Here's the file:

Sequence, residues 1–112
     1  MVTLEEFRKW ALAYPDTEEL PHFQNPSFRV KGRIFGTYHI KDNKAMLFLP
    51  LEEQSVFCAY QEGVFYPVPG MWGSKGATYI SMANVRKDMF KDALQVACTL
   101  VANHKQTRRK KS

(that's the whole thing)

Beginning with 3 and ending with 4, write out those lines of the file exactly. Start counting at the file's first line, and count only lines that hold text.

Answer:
    51  LEEQSVFCAY QEGVFYPVPG MWGSKGATYI SMANVRKDMF KDALQVACTL
   101  VANHKQTRRK KS